Review: A single release for this track from 'Into Daylight', the fourth album by chill-out/Balearic legend Phil Mison in his Cantoma guise, which gets served up here in two very different forms. Rudy's Midnight Machine (AKA Faze Action's Robin Lee) takes the dreamy, lounge-y album version and ups the funk factor considerably, dragging its mournful, Brass Construction-like trumpets, sprightly piano notes and chorused male vox onto the disco dancefloor even if the pace remains quite sedate, while Dune People head in the opposite direction, dropping the tempo to a hazy, stoned crawl that's vaguely reminiscent of Groove Armada.
Review: At the time this review was written it's 12 hours until the official release of Cantoma's second studio album! Released on Highwood Recordings, Into Daylight presents the fourth studio LP for Phil Mason's project and second for the label following others on Leng and Horizon before that. With warm touches of Spanish guitar gracing tracks like "Solando", "Road Home" and "Verbana", you'll find cool pop, folk and jazz in numbers like "Another Place" to disco strings, smooth brass sections and African percussion throughout "Kasoto" and "The Mountain". Best enjoyed at Sunset!
Review: If it's ultra-Balearic dancefloor fare that floats your boat, there's a strong chance that your music collection already boasts a number of releases by British veteran Phil Mison. Aside from his pals Mark Barrott and Chris Coco, few have quite as good a grasp of Balearic beats as Mison, something he consistently proves via his productions under the Cantoma alias. He's at it again on "Kasoto", a Flamenco guitar and synth brass sporting chunk of East-West dancefloor fusion that's as Balearic as dungarees, poolside parties and Jose Padilla's ponytail. Mison's own dancefloor-focused Noche Espanola remix, which sits somewhere between early Italian house and post-boogie Balearic disco, is particularly potent. That said, the new age inspired horizontal dreaminess of the Karel Arbus and Eiji Takamusto Remix is also sublime.
Review: As the matter-or-fact title suggests, this expansive set gathers together a swathe of previously unheard remixes of tracks by Phil Mison's Balearic-minded Cantoma project, plus a handful of never-before-released bonus cuts. There's naturally much to set the pulse racing from the word go, when Test Pressing sort Apiento blends Padilla-style flamenco guitars, jaunty Afro-funk flourishes and early '90s Balearic breakbeats on an inspired rework of "Talva Lumi". Elsewhere, Mison goes all dubby and lucid on "Echo (Instrumental)", joins forces with old pal Pete Herbert as Reverso 68 for a synth-heavy, Balearic nu-disco interpretation of "Just Landed" and encourages Whatever/Whatever to reach for the acid lines in a sublime, floor-friendly remix of "Tabarin" that's worth the admission price on its own.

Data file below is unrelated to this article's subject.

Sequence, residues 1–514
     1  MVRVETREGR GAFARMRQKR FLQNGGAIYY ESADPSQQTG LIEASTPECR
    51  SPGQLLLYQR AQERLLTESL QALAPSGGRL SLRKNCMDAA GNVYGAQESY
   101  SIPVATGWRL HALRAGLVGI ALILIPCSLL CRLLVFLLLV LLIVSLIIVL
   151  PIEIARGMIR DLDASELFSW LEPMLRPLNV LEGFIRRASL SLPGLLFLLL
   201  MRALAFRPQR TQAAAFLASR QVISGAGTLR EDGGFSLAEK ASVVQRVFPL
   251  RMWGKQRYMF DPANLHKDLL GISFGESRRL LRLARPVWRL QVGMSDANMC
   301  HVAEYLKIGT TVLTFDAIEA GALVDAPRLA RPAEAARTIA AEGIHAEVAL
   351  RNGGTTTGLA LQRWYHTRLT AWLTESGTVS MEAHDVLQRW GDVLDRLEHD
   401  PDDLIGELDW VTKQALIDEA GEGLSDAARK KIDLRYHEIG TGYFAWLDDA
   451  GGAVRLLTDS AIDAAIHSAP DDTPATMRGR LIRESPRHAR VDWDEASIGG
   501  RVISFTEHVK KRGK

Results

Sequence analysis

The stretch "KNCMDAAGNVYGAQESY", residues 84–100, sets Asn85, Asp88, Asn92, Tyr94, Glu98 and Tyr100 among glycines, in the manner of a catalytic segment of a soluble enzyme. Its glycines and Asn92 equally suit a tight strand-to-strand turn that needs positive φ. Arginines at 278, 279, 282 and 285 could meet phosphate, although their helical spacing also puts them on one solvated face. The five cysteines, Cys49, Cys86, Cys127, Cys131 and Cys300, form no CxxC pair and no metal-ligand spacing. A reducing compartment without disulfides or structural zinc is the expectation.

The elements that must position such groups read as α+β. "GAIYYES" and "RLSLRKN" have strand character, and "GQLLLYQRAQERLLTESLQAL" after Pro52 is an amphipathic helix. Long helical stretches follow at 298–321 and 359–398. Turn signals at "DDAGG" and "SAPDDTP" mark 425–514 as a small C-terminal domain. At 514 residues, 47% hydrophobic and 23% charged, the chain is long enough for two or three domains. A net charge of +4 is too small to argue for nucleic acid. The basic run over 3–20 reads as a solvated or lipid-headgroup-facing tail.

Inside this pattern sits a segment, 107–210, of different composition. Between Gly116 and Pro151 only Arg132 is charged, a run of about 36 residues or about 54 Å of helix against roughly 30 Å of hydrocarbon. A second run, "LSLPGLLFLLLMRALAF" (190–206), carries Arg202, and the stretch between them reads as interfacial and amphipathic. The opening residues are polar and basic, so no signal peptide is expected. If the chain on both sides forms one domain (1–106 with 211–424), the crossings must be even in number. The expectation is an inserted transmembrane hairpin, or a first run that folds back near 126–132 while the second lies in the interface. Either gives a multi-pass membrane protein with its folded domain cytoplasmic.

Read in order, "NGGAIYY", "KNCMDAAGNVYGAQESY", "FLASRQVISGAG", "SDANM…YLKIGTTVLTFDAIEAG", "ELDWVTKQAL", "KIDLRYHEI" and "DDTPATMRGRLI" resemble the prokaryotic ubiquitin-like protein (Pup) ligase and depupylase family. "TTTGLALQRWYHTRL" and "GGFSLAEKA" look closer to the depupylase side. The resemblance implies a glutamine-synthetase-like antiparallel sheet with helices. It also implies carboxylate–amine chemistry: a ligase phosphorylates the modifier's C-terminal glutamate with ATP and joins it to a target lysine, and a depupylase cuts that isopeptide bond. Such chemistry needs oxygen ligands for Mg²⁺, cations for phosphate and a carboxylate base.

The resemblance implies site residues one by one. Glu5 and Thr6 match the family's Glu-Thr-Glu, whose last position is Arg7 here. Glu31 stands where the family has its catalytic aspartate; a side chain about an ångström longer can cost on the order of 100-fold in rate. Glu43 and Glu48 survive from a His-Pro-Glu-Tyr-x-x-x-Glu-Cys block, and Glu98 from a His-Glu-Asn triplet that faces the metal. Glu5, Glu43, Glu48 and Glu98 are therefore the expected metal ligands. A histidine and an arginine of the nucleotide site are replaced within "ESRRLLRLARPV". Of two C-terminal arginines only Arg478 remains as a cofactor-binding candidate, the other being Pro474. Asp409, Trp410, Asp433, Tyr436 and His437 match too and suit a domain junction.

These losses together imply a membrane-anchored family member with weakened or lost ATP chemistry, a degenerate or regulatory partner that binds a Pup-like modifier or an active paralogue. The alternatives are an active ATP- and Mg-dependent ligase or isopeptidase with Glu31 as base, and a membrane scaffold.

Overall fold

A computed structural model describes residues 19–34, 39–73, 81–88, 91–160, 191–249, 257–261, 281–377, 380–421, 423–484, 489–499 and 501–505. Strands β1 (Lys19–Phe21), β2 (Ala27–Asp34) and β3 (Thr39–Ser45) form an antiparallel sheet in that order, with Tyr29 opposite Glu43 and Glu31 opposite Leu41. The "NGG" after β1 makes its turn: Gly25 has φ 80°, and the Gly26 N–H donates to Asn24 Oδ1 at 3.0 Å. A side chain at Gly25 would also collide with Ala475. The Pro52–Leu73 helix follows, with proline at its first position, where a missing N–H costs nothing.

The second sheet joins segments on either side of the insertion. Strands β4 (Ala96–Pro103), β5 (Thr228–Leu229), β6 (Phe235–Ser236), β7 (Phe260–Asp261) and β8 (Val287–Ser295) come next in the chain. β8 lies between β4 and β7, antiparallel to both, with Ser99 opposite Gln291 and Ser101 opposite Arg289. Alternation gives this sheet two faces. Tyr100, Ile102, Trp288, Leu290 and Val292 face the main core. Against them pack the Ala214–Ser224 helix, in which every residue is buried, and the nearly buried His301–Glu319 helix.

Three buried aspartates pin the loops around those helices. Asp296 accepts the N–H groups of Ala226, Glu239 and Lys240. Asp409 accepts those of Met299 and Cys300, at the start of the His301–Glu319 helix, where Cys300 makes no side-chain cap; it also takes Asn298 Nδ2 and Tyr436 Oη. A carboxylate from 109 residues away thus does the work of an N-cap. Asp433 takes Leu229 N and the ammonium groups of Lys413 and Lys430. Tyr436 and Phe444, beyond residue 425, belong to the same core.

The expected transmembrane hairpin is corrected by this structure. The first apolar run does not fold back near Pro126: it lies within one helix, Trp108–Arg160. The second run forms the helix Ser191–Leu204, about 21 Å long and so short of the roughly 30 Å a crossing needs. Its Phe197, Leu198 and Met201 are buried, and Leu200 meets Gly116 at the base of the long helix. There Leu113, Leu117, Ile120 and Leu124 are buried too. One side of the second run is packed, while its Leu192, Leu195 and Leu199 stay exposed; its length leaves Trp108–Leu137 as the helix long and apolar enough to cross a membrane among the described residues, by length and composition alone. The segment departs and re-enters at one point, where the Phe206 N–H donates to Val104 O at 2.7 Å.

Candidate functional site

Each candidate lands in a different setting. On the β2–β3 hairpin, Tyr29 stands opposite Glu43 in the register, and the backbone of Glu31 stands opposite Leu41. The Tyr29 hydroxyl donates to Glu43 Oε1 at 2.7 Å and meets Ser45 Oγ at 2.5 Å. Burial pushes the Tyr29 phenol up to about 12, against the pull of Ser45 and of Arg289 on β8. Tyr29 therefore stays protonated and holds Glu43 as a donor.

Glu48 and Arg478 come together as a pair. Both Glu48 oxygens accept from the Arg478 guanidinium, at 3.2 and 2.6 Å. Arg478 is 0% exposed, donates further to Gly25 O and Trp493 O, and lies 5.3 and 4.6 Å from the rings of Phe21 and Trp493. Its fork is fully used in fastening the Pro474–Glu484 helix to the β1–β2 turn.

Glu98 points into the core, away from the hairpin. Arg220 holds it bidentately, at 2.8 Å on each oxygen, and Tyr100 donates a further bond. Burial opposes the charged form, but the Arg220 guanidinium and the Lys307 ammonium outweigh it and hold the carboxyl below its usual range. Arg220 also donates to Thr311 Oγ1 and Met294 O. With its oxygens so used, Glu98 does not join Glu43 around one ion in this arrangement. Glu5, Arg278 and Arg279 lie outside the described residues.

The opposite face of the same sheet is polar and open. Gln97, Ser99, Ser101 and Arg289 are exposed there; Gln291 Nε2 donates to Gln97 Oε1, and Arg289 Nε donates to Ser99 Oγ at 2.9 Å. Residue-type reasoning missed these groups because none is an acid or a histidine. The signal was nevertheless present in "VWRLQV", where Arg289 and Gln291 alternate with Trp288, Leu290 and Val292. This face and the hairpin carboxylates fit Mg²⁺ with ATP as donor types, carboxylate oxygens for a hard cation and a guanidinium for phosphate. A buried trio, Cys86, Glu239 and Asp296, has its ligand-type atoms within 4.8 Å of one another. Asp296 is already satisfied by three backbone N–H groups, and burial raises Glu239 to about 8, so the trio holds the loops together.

Review: The latest release from the Claremont 56 stable is further proof that Mudd & Co seemingly reside in a place where the sun always shines. On this Leng twelve inch, Ray Mang and Lexx have been enlisted to add some aural Vitamin D to the DNA of two tracks from Cantoma’s album Out Of Town. Mang’s version of "Under The Stars" is a world away from his visceral pumping work on the recent Glimmers album, opting to retain the feel and pace of the source, imbuing the bass with several degrees of added warmth and adding an ethereal quality to the vocal harmonies that flourish in the depths of the mix. On the flip Bear Funk affiliate Lexx tackles "Gambarra", stripping back the cosmic oscillations of the original to focus on the harmonious partnership between Marcelo Andrade’s vocals and the lilting guitar melodies over a percussive groove which throbs but never dominates.
Review: Cantoma's Out Of Town has long been regarded as something of a modern Balearic classic. It first appeared on Leng Records back in 2010 as a CD-only release, before getting a deserved vinyl release four years later. Now the album's creator, long-serving chill-out DJ/producer Phil Mison, has reissued it on digital download. It still glistens as majestically as the Mediterranean Sea at sunset, with highlights including the dreamy dancefloor bagginess of "North Shore", the dub-powered, head-nodding shuffle of "Under The Stars", the up-tempo, accordion-sporting tango-house goodness of "Dix Verte" and the impeccable neo-classical ambient lusciousness of sublime album closer "Trees of Highwood".
Review: Phil Mison returns with another blink-and-miss wax special that takes the name from a medicinal leech. Fitting; one session with any of these three versions will drain you of any ill will or negativity. Rising in tempo and energy from the original across Noche Espanola's remix and instrumental version, this is pure Balearica with its glistening strums, sunset chords and magically scattered percussion. The seasonal timing of this is no coincidence.
Review: It's been some three years since Phil Mison last graced the world with some original material as Cantoma, and fans will be glad to hear that the producer is preparing a third album for release in October. Some advance insight into how it will turn out is afforded with this EP release of lead single Alive that features the silky vocal talents of Bing Ji Ling. The crooning alter ego of fuzzy headed Phenomenal Handclap Band member Quinn Luke, Bing Ji Ling is the perfect vocal foil to Mison's guitar flecked arrangement which is bound to feature on many an upcoming Balearic compilation. Meanwhile Mison's Reverso 69 partner in crime Pete Herbert delivers a glistening discoid take on "Just Landed".